First Do No Harm?: Tort Reform and Birth Outcomes
We examine the impact of tort reforms using U.S. birth records for 1989-2001. We make four contributions: First, we develop a model that analyzes the incentives created by specific tort reforms. Second, we assemble new data on tort reform. Third, we examine a range of outcomes. Finally, we allow for differential effects by demographic/risk group. We find that reforms of the "deep pockets rule" reduce complications of labor and C-sections, while caps on noneconomic damages increase them. Our results demonstrate there are important interactions between incentives created by tort law and other incentives facing physicians.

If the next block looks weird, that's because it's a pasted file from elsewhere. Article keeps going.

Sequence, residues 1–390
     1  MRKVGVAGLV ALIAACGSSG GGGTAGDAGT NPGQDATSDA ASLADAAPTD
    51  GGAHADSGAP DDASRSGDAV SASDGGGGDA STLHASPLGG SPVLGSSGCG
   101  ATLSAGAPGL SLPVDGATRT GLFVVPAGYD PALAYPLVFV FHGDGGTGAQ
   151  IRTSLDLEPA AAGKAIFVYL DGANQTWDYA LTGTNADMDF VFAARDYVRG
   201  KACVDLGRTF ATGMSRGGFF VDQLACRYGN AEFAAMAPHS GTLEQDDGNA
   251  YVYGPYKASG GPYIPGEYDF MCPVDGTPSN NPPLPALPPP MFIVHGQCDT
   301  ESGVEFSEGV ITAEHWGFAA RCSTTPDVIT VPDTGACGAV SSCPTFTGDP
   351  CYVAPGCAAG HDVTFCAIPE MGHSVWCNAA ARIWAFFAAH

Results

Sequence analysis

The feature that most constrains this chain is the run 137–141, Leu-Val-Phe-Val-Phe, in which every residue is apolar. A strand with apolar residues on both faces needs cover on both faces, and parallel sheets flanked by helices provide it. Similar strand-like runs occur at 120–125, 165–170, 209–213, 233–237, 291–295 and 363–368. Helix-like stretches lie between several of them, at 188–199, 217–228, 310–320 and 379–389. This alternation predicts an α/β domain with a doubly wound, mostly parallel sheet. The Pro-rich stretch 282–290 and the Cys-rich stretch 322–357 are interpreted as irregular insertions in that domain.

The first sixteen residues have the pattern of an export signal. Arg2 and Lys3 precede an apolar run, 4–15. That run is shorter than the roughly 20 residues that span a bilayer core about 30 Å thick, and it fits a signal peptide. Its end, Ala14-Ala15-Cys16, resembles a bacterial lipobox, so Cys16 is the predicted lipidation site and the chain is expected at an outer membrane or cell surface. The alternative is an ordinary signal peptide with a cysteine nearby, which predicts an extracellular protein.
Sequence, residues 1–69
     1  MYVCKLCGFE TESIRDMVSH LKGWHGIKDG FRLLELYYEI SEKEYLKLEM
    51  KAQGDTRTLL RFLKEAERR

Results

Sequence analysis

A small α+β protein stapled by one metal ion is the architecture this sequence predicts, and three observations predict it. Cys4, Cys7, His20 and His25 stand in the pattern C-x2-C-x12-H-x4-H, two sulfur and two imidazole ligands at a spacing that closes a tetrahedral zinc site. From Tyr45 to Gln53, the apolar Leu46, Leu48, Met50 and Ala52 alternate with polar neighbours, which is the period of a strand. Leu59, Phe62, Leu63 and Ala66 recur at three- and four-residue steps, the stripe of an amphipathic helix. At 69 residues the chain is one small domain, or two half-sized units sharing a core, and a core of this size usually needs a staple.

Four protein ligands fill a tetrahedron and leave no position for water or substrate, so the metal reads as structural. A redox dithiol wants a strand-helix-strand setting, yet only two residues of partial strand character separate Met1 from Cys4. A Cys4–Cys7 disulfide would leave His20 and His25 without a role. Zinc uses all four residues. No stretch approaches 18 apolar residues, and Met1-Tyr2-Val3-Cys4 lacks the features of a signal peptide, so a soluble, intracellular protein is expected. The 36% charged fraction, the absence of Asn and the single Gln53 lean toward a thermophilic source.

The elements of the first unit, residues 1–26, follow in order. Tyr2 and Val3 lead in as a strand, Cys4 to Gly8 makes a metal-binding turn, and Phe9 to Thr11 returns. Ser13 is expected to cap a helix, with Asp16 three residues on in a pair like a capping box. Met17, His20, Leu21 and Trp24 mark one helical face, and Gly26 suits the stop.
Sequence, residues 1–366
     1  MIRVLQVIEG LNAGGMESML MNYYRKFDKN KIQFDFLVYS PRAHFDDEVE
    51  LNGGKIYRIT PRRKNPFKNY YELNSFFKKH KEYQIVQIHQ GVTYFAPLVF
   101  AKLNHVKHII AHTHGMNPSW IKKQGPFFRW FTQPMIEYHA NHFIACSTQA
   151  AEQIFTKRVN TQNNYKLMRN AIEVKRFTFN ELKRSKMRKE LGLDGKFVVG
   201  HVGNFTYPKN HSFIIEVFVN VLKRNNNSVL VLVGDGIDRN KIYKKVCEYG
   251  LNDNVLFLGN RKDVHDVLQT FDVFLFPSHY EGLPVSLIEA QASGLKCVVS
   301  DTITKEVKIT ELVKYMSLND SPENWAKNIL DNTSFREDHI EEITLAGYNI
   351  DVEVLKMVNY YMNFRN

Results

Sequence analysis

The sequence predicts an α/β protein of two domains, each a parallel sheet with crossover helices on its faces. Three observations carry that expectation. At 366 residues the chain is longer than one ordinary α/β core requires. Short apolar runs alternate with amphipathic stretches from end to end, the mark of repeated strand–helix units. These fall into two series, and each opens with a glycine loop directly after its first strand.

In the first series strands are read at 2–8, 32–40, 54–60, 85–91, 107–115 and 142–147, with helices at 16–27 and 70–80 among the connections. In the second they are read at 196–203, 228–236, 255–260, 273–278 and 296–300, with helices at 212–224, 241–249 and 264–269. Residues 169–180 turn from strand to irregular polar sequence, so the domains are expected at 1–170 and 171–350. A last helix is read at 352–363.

We thank Lewis Kornhauser, Avraham Ronen and Katherine Sharkey for very helpful discussions and Dan Carvell, Katherine Lo, Jacob Dy-Johnson and Ahmed Sangbana for their help in assembling our data. Wanchuan Lin provided truly exceptional research assistance. The Center for Law, Economics, and Organization at USC and the National Science Foundation provided financial support for this research. We thank Paul Oyer, Chapin White, seminar participants at New York University, the Wharton School, the Massachusetts Insitute of Technology, and the NBER Summer Institute for helpful comments. We are of course, solely responsible for any errors. The views expressed herein are those of the author(s) and do not necessarily reflect the views of the National Bureau of Economic Research.
Janet Currie & W. Bentley MacLeod, 2008. "First Do No Harm? Tort Reform and Birth Outcomes," The Quarterly Journal of Economics, MIT Press, vol. 123(2), pages 795-830, 05. citation courtesy of